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Sundance Institute offers film industry expertise in panel discussion

(Left to right) United Talent Agency Coordinator John McGrath, IFC Films Director of Acquisitions and Production Aijah Keith, Senior Director of Acquisitions Angel An, and Jess Fuselier, manager of education and research at Sundance Institute's Creative Producing Program. (Photo by Isabella Balandran)

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Film industry professionals working in film acquisitions and talent agencies shared their expertise with a crowd of Adobe Sundance Ignite fellows, scholarship recipients and young filmmakers at the Sundance Film Festival in Park City, Utah on Jan. 31.

Powered by Adobe and the Sundance Institute, the panel discussion between three film industry professionals was facilitated by Jess Fuselier, manager of education and research at the Sundance Institute’s Creative Producing Program.

“The industry has never been more varied than it is right now. For independent creators to get into the space, there are a lot of different pathways for you to approach this industry by, but also the market has never been more volatile,” Fuselier said. “It’s really hard to figure out what type of content people want to watch, so today we brought in people in the industry who can serve up their perspectives and real-time insights to help you navigate that journey.”

As it’s difficult to figure out what type of content people want to consume, Fuselier said, the panel discussion aimed to offer perspectives of people working in the industry to help the group of aspiring filmmakers navigate their journeys.

Angel An, senior director of acquisitions at Roadside Attractions said that directors who have consistently made good movies are the ones with a particular view of the world and have something they want to get off their chest.

“I feel like all of you are here at Sundance because you’re interested in movies that say something, tell a story personally, rather than being produced in a factory or studio,” Keith said to the crowd of young filmmakers. “So, that’s what you have to work with — what do you have to say? If you don’t have anything to say, then maybe don’t make a movie.”

An discussed the utmost importance of a film’s quality. She almost always acquires finished films only, because the quality of a film isn’t usually something that can be predicted based off a first-time filmmakers script, she said.

“Every film is a journey and that journey can sometimes go zigzagging all kinds of different ways — you can’t predict the end results often times,” An said.

As far as the type of content An looks for, it’s the “good kind,” she said through a laugh.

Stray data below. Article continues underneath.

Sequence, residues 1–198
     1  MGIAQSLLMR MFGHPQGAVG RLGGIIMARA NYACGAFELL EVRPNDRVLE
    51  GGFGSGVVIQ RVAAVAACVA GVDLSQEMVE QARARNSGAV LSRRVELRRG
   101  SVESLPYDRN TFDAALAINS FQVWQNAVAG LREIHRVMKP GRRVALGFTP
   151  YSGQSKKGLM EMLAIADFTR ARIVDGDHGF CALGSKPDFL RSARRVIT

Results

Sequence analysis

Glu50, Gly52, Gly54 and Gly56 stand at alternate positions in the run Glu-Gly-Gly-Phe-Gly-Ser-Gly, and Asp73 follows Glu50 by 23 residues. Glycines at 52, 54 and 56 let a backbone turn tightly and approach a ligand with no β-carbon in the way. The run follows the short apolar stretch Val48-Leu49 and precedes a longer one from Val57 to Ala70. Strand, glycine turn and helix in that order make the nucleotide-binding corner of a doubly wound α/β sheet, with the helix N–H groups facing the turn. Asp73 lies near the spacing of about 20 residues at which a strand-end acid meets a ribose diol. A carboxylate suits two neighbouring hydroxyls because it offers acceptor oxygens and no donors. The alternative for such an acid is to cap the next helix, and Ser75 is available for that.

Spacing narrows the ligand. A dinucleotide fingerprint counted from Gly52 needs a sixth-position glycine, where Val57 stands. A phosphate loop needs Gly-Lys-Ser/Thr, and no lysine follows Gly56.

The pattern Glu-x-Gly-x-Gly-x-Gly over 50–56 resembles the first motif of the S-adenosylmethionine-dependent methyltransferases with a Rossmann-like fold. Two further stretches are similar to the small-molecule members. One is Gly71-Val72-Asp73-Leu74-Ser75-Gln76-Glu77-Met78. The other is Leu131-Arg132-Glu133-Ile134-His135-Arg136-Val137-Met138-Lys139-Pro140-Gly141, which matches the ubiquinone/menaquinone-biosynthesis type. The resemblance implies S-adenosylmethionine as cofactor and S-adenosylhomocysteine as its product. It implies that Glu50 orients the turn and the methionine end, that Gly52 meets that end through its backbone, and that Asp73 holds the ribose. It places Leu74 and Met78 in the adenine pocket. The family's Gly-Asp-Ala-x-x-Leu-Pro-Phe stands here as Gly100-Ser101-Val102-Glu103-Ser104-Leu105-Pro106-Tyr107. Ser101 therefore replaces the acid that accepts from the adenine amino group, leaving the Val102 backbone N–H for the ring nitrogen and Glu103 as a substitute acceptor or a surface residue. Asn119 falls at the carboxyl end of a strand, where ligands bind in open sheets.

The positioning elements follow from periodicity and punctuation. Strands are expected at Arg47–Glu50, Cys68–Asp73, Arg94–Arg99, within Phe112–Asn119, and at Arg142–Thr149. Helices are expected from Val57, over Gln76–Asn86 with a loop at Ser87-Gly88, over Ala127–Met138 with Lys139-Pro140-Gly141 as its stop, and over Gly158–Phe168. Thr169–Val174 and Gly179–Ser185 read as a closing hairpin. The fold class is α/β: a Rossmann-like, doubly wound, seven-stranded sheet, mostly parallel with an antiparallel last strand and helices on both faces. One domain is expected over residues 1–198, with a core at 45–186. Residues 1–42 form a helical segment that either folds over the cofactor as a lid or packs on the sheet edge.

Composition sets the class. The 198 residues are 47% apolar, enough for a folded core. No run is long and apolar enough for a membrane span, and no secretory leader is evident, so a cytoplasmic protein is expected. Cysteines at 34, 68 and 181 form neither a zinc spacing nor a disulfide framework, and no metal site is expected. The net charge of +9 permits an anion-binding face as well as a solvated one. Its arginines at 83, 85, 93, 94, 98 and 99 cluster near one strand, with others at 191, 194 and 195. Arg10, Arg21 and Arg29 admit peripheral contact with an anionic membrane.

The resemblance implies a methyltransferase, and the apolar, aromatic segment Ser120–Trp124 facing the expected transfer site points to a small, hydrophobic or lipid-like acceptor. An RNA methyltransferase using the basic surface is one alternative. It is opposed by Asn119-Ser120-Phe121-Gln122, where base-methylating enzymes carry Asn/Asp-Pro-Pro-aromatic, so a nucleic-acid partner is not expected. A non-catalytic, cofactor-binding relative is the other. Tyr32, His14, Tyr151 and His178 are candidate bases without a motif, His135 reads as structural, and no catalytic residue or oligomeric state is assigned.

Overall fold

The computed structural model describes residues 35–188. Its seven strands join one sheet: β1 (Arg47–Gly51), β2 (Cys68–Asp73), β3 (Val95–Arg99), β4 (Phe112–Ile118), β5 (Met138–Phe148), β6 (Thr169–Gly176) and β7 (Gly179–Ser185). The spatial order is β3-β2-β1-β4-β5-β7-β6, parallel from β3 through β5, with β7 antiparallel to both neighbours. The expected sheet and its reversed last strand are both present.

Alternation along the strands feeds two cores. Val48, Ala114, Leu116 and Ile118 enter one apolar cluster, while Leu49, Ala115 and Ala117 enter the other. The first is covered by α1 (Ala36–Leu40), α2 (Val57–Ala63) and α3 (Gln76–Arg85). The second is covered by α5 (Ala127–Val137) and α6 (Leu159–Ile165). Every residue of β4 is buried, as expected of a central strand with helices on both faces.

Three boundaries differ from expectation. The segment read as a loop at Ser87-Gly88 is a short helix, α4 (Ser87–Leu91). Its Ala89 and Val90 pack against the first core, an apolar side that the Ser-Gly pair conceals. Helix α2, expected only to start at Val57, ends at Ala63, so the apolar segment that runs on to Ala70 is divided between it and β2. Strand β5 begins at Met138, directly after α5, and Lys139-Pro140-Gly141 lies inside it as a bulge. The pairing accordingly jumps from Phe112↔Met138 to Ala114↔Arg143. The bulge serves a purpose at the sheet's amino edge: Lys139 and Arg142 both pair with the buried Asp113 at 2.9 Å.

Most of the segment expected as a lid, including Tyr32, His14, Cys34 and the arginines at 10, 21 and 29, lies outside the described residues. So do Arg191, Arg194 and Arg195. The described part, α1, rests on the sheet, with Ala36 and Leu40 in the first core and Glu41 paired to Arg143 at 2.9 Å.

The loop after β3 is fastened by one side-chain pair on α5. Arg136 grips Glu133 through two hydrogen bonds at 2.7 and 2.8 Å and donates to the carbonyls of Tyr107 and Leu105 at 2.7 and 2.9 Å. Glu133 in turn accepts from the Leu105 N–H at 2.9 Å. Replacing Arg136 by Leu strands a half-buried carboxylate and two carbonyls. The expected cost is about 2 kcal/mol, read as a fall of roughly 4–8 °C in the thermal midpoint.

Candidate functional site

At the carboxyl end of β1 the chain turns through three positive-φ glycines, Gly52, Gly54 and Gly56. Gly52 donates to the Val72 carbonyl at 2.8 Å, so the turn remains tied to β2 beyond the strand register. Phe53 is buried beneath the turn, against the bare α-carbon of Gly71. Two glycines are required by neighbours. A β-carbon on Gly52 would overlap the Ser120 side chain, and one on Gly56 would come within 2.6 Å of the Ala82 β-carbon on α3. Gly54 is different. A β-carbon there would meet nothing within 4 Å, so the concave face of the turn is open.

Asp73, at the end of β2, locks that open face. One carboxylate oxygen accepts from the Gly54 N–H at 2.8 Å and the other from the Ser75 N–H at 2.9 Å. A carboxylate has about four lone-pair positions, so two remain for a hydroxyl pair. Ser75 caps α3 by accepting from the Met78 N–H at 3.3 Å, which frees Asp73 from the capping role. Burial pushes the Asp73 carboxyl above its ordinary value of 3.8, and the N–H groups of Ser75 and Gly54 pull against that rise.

“Quality is a major motivator for folks to go out to the movie theaters. You have to maybe hire a babysitter, pay for parking, get a dinner beforehand, so what you’re watching sitting down, spending two hours in the dark for, really has to be worth it,” An said.

Even with the demographic of regular movie-goers, the older generation has a habit of seeking out specialty releases of films with interesting plots with amazing reviews, so An looks to acquire films that fall under those factors.

“We always emphasize on a willingness to entertain, which means we support artists and want to distribute content with a point of view,” An said.

Aijah Keith, director of acquisitions and production at IFC films spoke about her journey getting into the film industry. When she was in college, she didn’t realize that working in film was a viable career path for her, she said.

“I always loved film, just didn’t realize that was something I could do,” Keith said.

After taking as many film history classes as she could, Keith pursued a career in the film world. She got her first internship at IFC films, where she works today as the director of acquisitions and production.

In first finding her footing in film acquisitions, Keith realized the importance of understanding and trusting her own taste.

“It became really important for me to figure out what my tastes were, not what my boss’s tastes were, not what the film critic of the New York Times’ taste was, and go with that, because that’s something that’s unique to you and something you can market yourself,” Keith said.

United Talent Agency Coordinator and Sales Agent John McGrath addressed the stereotype that everyone who works in Hollywood is rude.

“That’s not how things work, or should work,” McGrath said. “They say, ‘it’s not what you know, it’s who you know,’ and that’s very true. This industry is much smaller than you think it is, and it’s all about connecting with the people you work with. We’re all trying to make content to entertain people and connect with people, and that’s all done with relationships.”

McGrath said that sometimes people think they need to be aggressive to stand up for themselves, but they should work to be building bridges, not burning them.

An stressed the importance of what the real goal of working in film is.

“We’re all in this business in an effort to shape the culture, but at the same time, the movies that really stick with you try to transport you to somewhere else and make you forget about your day-to-day life and just really take you in for two hours,” An said. “That’s part of what we’re here for… there’s something about that entertainment value that’s really important to us.”


This story part of a series of content made in partnership with Adobe. 

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